Anchoring involves a decision making process of thought. This is to say people solve problems by selecting an initial reference point. This occurs when we create a value scale based on recent observations. Once the reference point has been created, there is the tendency that we turn to adjust to correct the solutions that differ from the initial conviction. The anchoring bias is very complex because it is like an addiction so much so that even when the individual realise that they are anchoring, they will still find it hard to quite. Massimo (1994) summarises the whole heuristic idea of anchoring in the following words:

«revising an intuitive, impulsive judgment will never be sufficient to undo the original judgment completely. Consciously or unconsciously, we always remain anchored to our original opinion, and we correct that view only starting from the same opinion». (p127).

Gambler?s fallacy occurs when an individual assumes that a departure from what happened in the long term will be corrected in the short term. Here, people turn to have every poor intuition about the behaviour of random event thereby expecting a reversal of the event to occur more frequently than it actually happened. Secondly, people always turn to have strong reliance on the representativeness.

Availability bias is a human cognitive bias which causes the individual to overestimate the probabilities of an event associated with memorable occurrences. This causes people to base their judgement and decisions on the most recent and meaningful event they can remember. A case in point is one getting involved in a car accident in the course of the week. It is obvious for the person to drive with some degree of care and caution for some time. But with the passage of time, there is a likelihood that the person's driving will go back to the original state. As a result of this availability bias, investors turn to focus primarily on the short term events relating to the immediate past and completely disregarding the long term events. Unfortunately, availability bias can result in investors developing a false sense of security as it can cause people to think that events which have great media attention are more important and pertinent, which is not always the case.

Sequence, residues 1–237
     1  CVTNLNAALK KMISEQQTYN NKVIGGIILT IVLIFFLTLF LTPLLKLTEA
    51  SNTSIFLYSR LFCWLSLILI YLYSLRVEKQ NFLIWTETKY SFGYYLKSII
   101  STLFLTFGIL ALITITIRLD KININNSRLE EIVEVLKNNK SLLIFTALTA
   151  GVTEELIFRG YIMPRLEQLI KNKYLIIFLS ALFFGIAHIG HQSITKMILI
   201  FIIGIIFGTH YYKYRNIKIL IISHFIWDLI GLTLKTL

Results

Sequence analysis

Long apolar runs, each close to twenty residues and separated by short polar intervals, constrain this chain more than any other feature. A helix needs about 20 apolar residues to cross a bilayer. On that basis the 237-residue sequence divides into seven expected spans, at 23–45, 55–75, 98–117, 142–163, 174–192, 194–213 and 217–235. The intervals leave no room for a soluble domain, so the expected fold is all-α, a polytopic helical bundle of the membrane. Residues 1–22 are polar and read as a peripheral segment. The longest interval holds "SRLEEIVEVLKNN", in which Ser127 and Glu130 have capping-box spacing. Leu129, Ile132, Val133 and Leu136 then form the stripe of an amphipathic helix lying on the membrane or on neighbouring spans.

In addition to the above, sometimes in order to make some investment decisions, these investors need to be risk-tolerant. The prospect theory tries to explain how behavioural factors influence risk-tolerance during the investment decision-making process. With the prospect theory, value is assigned to gains and losses with the weights of the decision being replaced by probabilities. This theory best explains why investors are often more attached to

insurance and gambling. The theory came up with the conclusion that investors usually weigh the probable outcomes when compared with certain outcomes.

This prospect theory looks at different states of mind that are expected to influence the individual in the decision-making process and include concepts such as regret (emotional reaction worn by people upon making a mistake), loss aversion (associating greater mental penalty with loss) and mental accounting (attempting to arrange the business into separate accounts).